Natalie Cavernelis’ little daughter has a head of exquisite curly hair. So when she heard about the Pretoria Girls High debacle, she saw red. She shared her thoughts with YOU.
“The hair row at Pretoria Girls’ High touched a nerve for me, as it did many other people.
Reading the tweets and stories about how the school had problems with black girls having their hair natural and big and girls relating stories about being told to relax their hair was outrageous, especially 22 years after the first democratic elections.
I have a four year old with a mass of curls and they’re gorgeous.
So it pained me when she was about three years old and asked when her hair would grow like Elsa’s from Frozen. She spent a few weeks wandering around pretending to flick her “long hair” over her shoulders.
I had to explain that her hair was similar to mine and it grows up and curly and not down and straight. I had spent my teen years and 20s relaxing my hair and wearing it straight until it fought back and broke off.
Ever since then I have embraced my natural curly hair and I want my daughter to not see her hair as something that she has to change. My husband and I searched for books, TV series, movies with main characters that were little girls with curls or afros to make sure she sees herself in stories.
And it worked! She loved Tip from the animated movie Home where the character looks like Rihanna with a mass of curls and immediately saw herself. This was the hair issue I thought I would have to deal with until she was a teenager and would want to shock her parents with some outrageous hairdo we would pretend to hate.
I read more and more tweets of people saying Pretoria Girls’ High was not alone and other schools had similar issues with afros and natural black hair — so many kids having to deal with their schools telling them their natural hair is unacceptable, that how they look is “unacceptable”.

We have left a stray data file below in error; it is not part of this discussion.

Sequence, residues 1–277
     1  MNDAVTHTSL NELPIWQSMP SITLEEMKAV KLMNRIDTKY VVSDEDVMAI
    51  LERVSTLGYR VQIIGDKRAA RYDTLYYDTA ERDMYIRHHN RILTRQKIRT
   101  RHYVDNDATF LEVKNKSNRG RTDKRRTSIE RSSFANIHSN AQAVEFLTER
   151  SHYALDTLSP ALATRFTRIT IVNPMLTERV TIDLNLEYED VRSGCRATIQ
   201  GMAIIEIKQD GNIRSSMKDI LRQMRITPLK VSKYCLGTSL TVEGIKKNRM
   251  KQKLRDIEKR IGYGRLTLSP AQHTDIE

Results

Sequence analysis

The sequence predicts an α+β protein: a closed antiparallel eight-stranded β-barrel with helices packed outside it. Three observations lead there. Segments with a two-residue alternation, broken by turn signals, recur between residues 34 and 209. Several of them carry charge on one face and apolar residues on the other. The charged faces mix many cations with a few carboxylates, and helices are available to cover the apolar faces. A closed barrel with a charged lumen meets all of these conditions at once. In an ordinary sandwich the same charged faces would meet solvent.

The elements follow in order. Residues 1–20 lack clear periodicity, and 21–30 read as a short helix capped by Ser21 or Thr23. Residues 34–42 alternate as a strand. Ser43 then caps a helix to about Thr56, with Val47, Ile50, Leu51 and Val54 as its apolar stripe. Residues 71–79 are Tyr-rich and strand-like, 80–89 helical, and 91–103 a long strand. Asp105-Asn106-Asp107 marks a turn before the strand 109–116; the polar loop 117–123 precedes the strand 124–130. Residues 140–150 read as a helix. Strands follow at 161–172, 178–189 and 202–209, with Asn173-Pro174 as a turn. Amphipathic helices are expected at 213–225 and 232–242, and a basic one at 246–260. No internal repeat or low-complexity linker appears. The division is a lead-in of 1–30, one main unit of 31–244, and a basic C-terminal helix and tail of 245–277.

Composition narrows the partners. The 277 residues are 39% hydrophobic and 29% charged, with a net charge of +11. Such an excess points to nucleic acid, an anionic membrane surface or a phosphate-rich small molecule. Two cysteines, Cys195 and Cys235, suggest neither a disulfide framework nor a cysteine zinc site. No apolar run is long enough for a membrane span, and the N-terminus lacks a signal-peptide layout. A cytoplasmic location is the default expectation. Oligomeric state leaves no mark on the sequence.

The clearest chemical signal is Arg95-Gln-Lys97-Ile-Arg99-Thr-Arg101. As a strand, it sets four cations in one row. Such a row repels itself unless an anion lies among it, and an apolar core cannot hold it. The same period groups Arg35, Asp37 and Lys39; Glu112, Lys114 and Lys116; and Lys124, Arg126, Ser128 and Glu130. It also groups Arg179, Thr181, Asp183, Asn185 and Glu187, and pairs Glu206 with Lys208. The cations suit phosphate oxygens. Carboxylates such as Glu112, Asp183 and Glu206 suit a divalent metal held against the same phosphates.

Checking the specific hair rules at Pretoria Girls and I was again left seething trying to work out how these rules would be possible with my daughter’s hair.
“If the hair is long enough to be tied back, it must be tied back in a neat ponytail, no lower than the nape of the neck … Ponytails may not be visible from the front. Hair buns must be tight with no loose hair and have to be worn in the neck and not on top of the head.”
Okay… these rules would not easy with my daughter’s hair, curly hair is never the same length all the way around because of the way it grows.
It would be a massive struggle every morning to try to adhere to these rules. I understand that the rules are for all the girls at the school but when you think about it, the rules only really work for straight hair. My daughter would have to wear so many hairclips to keep her hair in place I might as well invest in a hair accessory company.
So a search for my daughter’s future school is not only about the ethics of the school, the education they offer, the extramural activities, the aftercare programme, but now I also have to read the rules on hair to make sure it will not break down her self-confidence as she tries to fight her hair into a ponytail that is at the right height and not one unruly curl has escaped?
Luckily my daughter’s pre-school loves her hair in its curly afro and it’s lovely to see the range of hairstyles she and her friends all have because it makes them feel good. Surely that’s what we want?
I would want her future school to see her worth and if they do not like the way her hair looks, how can I trust them to educate her?”